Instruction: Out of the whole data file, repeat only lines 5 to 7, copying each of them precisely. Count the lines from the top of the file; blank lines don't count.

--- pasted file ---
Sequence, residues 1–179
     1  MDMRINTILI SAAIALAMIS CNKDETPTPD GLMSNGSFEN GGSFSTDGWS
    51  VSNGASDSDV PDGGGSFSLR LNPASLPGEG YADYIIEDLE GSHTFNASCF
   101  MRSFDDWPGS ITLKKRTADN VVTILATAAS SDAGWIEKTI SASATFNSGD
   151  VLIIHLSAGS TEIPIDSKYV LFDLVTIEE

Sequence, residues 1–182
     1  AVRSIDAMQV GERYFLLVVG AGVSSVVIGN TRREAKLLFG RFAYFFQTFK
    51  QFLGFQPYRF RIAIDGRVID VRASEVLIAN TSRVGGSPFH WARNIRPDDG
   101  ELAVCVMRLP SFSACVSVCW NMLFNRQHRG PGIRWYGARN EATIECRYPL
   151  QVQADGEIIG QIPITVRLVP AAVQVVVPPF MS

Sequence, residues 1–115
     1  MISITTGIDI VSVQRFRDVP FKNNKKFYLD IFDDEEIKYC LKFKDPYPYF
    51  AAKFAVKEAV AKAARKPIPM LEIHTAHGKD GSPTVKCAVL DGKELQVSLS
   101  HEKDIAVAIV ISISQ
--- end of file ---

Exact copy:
   151  VLIIHLSAGS TEIPIDSKYV LFDLVTIEE

Sequence, residues 1–182
     1  AVRSIDAMQV GERYFLLVVG AGVSSVVIGN TRREAKLLFG RFAYFFQTFK